(A series of posts leading up to/including The Nocturnes Photo Tour in the West of Ireland, July 15-25, 2013)
Thru the New York Times, this St. Patrick's Day, came news from Ballina (up in Mayo) of an astounding collection of Irish history.
Jackie Clarke (1927-2000) could be dismissed (and probably was) by some, as a bit of a "packrat" - but this much is clear now: This is an amazing collection of Irish documents and artifacts; some dating back to the 1700s, others reflecting the everyday life of the Irish in this remote part of Ireland, in the 20th Century.
Included are some of the icons of Irish Republicanism and the fight for Independence, such as one of the few remaining original copies of the Easter 1916 Proclamation (Irish: Forógra na Poblachta), or the 'cockade' worn by Wolfe Tone in 1798 (Year of the French).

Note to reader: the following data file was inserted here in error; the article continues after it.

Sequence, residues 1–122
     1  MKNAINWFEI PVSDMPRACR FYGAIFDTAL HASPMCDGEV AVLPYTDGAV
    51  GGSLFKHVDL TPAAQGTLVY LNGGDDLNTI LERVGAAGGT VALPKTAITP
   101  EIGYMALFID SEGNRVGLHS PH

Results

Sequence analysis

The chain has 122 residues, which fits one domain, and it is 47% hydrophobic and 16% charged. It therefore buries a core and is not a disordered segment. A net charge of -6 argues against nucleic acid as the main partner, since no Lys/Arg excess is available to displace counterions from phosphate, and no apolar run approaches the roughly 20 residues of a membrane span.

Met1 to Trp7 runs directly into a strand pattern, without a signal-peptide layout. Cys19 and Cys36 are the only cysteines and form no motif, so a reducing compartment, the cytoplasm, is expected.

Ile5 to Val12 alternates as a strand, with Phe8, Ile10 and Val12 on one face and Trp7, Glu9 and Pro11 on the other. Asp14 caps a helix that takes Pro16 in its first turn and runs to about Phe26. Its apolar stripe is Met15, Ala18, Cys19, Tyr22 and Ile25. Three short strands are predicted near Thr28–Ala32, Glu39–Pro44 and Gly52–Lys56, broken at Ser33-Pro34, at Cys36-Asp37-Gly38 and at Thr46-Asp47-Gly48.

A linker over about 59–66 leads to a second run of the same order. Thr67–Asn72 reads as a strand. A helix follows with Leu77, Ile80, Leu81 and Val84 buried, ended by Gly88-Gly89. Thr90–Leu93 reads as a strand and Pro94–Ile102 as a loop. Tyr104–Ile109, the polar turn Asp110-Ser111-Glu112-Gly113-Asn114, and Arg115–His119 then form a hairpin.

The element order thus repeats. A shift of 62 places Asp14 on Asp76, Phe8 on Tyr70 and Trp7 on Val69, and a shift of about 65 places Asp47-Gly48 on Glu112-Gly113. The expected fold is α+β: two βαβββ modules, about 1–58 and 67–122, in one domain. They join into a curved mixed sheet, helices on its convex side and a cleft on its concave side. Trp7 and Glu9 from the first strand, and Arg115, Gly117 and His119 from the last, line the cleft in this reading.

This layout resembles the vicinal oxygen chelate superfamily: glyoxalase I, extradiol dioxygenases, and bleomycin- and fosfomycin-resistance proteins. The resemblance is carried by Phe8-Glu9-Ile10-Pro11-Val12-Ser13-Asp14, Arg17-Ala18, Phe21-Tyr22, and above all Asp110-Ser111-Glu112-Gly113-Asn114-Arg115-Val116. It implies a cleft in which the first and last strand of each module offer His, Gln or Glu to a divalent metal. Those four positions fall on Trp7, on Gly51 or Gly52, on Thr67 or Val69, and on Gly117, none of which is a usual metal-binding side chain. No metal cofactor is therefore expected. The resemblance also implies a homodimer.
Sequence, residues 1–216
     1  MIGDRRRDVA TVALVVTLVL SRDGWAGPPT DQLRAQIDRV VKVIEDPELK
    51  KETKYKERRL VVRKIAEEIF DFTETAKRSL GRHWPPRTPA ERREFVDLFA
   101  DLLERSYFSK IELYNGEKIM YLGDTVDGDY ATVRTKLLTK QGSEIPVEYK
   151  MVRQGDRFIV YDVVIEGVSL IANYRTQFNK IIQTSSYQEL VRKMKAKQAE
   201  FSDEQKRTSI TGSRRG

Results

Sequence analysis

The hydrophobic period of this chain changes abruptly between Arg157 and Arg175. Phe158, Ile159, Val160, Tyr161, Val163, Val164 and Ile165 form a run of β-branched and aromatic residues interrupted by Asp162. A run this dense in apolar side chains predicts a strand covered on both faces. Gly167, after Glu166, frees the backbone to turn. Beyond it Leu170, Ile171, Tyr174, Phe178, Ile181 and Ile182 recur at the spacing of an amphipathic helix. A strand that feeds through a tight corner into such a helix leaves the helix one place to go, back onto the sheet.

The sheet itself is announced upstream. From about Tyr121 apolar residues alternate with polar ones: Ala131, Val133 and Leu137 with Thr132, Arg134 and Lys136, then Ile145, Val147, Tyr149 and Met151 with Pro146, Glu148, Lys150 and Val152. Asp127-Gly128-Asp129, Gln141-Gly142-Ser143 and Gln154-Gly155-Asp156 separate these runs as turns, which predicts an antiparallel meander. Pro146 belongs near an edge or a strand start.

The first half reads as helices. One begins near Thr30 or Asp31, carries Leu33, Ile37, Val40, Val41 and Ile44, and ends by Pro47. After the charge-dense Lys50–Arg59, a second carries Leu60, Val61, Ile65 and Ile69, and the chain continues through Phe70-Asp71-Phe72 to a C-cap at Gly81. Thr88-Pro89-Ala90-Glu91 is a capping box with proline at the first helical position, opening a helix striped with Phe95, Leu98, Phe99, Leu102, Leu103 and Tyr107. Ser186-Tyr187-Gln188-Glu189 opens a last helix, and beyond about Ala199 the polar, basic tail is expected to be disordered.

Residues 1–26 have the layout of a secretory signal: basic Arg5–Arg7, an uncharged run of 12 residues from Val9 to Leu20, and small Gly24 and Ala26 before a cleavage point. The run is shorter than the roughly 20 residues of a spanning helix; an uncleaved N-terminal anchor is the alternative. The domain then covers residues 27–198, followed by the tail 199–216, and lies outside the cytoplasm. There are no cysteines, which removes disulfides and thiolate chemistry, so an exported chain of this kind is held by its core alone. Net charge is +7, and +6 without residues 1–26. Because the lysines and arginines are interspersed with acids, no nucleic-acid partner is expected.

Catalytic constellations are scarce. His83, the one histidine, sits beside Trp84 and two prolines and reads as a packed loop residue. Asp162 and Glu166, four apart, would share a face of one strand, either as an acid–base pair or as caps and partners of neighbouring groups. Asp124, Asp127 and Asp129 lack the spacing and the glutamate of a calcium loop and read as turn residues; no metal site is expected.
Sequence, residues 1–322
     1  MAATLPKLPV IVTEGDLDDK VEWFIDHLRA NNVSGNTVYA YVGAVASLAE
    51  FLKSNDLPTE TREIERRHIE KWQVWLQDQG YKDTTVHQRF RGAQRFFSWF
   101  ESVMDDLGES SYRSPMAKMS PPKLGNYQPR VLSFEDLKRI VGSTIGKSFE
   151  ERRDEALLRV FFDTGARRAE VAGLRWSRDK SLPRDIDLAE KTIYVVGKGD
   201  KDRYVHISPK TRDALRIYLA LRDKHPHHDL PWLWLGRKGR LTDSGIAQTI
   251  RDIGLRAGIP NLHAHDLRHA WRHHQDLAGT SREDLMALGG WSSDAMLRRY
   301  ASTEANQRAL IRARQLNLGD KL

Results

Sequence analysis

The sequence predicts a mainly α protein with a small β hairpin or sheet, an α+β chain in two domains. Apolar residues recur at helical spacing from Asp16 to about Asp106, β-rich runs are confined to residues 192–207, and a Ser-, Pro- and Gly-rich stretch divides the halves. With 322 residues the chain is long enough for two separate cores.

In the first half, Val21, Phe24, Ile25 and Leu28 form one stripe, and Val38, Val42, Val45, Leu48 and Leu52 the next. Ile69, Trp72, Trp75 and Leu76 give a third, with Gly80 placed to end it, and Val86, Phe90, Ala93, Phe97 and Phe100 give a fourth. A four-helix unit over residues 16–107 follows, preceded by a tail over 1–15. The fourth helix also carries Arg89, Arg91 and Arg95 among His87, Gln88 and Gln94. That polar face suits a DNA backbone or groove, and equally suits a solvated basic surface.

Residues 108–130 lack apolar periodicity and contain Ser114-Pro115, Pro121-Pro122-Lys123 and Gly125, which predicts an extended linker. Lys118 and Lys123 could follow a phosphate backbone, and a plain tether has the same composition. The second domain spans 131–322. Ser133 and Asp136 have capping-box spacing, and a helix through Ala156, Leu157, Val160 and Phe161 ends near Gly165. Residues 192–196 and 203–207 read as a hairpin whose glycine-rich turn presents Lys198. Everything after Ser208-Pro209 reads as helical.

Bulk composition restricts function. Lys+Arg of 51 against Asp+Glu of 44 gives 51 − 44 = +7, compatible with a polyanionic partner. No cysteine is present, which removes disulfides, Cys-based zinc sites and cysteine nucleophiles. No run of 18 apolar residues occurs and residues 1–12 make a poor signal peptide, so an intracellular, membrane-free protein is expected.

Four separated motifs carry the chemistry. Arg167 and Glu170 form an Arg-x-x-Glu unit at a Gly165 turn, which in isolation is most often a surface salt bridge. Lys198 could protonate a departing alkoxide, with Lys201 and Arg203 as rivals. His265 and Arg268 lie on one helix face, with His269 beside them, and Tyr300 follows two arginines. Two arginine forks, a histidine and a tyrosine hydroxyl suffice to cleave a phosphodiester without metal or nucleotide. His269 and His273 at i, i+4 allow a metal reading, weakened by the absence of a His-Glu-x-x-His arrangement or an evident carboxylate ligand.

"To understand Jackie Clarke you must first understand County Mayo, in the west of Ireland. It is a landscape both inviting and forbidding, one of serene greens and rocky grays, megalithic tombs and medieval abbeys, famine roads, mystical mountains and the violent sea — all combining to assert the lingering presence of what has come before.
'You’re so close to the past all the time,' Ms. McCoole said."
(From the NY Times article by Dan Barry)
The Jackie Clarke Collection opens in April, housed in a landmark 1882 bank building on Pearse Street in Jackie's beloved Ballina.
We hope to book an "historical extension" to our trip to Ireland in July to see the Collection - sounds fascinating, and Ballina is where my roots are in Ireland!